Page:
Technical Difficulties

I have updates! But they are typed up on my computer which hasn’t had access to the Internet for about 27 hours now. 💀

Permissions on my laptop are so locked down I can’t even change the time zone let alone my wifi settings.

I sent a cry for help to Ohio State’s IT Service Desk but I have no idea whether they’ll be able to help me.

Please send your wifi healing feelings!

UPDATE: that was fast! About 3 hours after posting this I was back in action. The power of vibes-err-prayer-err-desperate endless rebooting.

Azungu Parade

   On Saturday we decided to venture outside the CLI walls and check out the market in Msundwe. It’s about a 90 minute walk on a single red dirt road.
I asked our chef Fred for advice and he said to ‘focus’ because of all the attention we’d get.
It wasn’t the first time I’d gotten caught up in a Mzungu parade, but this was definitely my most overwhelming. Over the course of the walk around 100 children joined us, shouting ‘Azunugu!’ (the plural version of Mzungu, ‘white person’) and asking for money, footballs, etc. I felt bad because it was disruptive to people trying to bike their loads down the road or taxi passengers between villages.
Our new friends were sweet but it was a bummer that they seemed to perceive all white people as gift dispensers. The people who run CLI know about sustainable giving, but it seems like many of the visitors here haven’t really upheld that philosophy. We tried making friends with them and showing our human sides, connecting with them as best we could across the language barrier. But they were super persistent on asking for our bags, sunglasses, even a pen in Julika’s pocket. They broke off pleasantly, though, even after we held our ground. Julia told them ‘stay in school and you’ll get to buy your own pen!’ They seemed to really enjoy practicing their English with us.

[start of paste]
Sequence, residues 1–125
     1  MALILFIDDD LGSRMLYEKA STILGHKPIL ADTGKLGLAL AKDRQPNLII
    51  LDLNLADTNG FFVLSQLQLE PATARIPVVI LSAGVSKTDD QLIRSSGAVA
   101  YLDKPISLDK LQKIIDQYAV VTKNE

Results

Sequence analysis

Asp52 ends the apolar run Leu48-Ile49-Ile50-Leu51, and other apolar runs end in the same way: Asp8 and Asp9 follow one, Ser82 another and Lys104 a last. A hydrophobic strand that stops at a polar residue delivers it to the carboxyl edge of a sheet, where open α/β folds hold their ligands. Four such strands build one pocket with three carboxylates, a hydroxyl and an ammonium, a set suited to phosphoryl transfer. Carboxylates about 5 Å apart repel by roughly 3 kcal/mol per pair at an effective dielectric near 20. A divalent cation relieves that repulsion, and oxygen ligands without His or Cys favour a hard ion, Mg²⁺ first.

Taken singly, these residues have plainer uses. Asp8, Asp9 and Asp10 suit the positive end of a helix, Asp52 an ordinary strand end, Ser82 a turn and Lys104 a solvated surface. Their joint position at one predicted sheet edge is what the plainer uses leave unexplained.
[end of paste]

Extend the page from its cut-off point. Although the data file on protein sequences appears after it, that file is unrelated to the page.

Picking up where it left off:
When we got to the market some of the adults helped shoo away the children so we could have some breathing room. We said Zikomo about ten times and got to shopping. I immediately got a wrap to wear around my waist—the proper dress for Malawian women. I got help putting in on and struggled keeping it there the rest of my time there.
I picked up some containers I needed for the site, some ‘fritters’— round donut-like things I saw our research team having for breakfast last week, and another cloth to wear as a wrap or put down in the grass to sit outside when I’m on site.
I loved seeing rows and rows of bikes, and a station with a welder who fixed bikes on the spot with a giant tank just standing alone all forboding.
The people were all nice and one woman saw me carrying the containers on my hip and insisted I put them on my head. I lasted around 30 seconds before bruising myself, and my containers were empty.
On the way back we stopped at the ‘beer garden’ which turned out to be a desolate, plant-less compound with a few men and their booze. They were a little too happy to see us and we knew we needed to make it quick. Araceli, the head of hospitality at CLI, told us there was a stout beer that was common in the area, and I wanted to try it. No stout, but there was Shake Shake, a brand of the “village beer” Chibuku. A man we passed at the market insisted we try his, and we politely declined but figured this was an opportunity to try it out.
We started home and when the children broke off near the end of the trip, we took a break and tried it. I opened it and realized the connection to a ‘shake’ and why it might be in a carton. The beer was completely unfiltered, with chunks of the grain floating around in a gritty white liter of heterogeneous fluid. It actually didn’t taste as bad as it looked, it was quite sour and, as legend has it, supposedly had a pretty high alcohol content without the risk of a hangover. By the time we tried it though, it was shaken up from my walk and gotten warm. I poured the rest out and we carried on right before some CLI visitors happened to drive by and pick us up. With more than 2 hours of walking under our belts we were happy to give our dirty, blistered feet some relief.